Build It With Me – platform for posting your projects and finding a partner. This website differs from others in the way that it is not a marketplace of freelance developers, it is more like a collaboration platform for like-minded professionals. You post your ideas followed by the description, application snapshots and links to your website/portfolio and specify whom would you need to reinforce your team.
Meetup is the platform to find a like-minded partner. This app may not work immediately for finding a developer for your current project, however, in the long run, you can benefit from its promotional opportunities, and connect to the people with necessary skills.
Pricing: not indicated/upon request.
Our view: These platforms are a good fit for those who cannot find funding for their app idea or get stuck at some stage of the development. Here they can connect with a partner who has a talent pool to complete the work on your app.
Clutch.co is probably the most popular B2B platform researching top developers and solution providers from all over the world. The logic of selecting a developer there is simple: If we see good feedback from other companies, it’s easier to make a decision to hire them.
The core of the platform is Leaders Matrix where developers are arranged according to their industry and rating within the platform.
Whenever you are searching for a software vendor at Clutch.co, don’t rush into working with the companies in the top, mind the following steps:
- Choose a category or research Leader Matrix, select those companies that match your price and delivery rates expectations. Read the detailed reviews of their partners and clients.
- Find them in Google, look through their websites, study their case studies, check the quality of products/solution they delivered.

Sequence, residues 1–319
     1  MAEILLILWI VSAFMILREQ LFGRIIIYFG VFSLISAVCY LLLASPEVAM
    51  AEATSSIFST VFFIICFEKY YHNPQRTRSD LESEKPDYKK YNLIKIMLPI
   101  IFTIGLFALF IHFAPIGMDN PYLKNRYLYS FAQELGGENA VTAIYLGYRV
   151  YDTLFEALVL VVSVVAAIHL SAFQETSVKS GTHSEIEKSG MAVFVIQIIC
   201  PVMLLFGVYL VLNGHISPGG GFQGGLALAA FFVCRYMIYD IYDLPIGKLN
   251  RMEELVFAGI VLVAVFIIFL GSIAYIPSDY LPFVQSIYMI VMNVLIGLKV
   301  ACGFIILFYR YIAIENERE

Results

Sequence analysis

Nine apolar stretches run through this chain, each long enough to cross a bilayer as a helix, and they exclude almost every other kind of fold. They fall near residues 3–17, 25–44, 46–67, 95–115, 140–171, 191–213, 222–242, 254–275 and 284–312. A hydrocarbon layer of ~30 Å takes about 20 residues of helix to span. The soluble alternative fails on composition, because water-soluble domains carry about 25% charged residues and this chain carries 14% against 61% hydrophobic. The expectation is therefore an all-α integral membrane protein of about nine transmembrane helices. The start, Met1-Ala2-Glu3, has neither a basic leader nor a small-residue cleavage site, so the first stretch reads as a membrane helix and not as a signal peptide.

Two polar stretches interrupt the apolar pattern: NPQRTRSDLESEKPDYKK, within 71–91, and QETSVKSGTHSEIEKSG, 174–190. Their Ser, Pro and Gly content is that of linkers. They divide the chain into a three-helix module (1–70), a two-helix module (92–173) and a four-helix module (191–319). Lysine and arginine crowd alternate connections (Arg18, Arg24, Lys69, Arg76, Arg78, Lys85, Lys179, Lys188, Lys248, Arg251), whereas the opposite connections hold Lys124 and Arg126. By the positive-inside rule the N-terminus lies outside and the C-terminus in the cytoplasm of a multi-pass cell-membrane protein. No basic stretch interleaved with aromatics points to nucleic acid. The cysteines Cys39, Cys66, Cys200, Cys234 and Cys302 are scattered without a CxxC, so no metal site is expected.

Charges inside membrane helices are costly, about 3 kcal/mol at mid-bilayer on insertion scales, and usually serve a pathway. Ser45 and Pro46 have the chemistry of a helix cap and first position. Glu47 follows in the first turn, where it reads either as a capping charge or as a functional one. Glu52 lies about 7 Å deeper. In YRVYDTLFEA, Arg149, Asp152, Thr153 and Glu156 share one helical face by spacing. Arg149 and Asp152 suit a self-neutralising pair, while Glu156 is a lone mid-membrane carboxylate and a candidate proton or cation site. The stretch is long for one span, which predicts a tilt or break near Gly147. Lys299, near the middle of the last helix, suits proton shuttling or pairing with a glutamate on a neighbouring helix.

- Contact them. Ask them for an estimate of time and resources, listen to their language, check their competence.
- Select the best fit.
Our view: Businessofapps.com or Angel.co also work according to this principle. All of these platforms are a better choice for larger companies, as the presence of the potential vendor within such a directory proves their credibility and means they value their reputation and won’t let you down.
5. Search engines – Google, Yahoo, Bing
Free, anonymous, quick – search engines are probably the first place for a brief outlook of the services you need. Search engines encompass the largest amount of information, however, the abundance of ads and SEO-promoted companies encourages you to search more thoroughly.
- Search deeper than 1-2 pages, or set 100 results per page.
- Try filtering results by region/language/business sector.
- Exclude the words that will lead you to irrelevant results (“free”, “premium”, etc.).
- Change your request slightly to toss the results.
Our view: Search engines are often wrongly conceived as “dump”. Indeed, they provide a valuable mine of information, if used sensibly.
The bottom line is this:
- Freelancing is less beneficial in the long run, so the only reasonable option for a large business is to outsource to a company.
- Looking for a company don’t rely much on search engines, better consult directories and see real customers’ testimonials.
- If you don’t know where to start, try meetups or hackathons and talk to like-minders.
- Good luck in finding an amazing partner!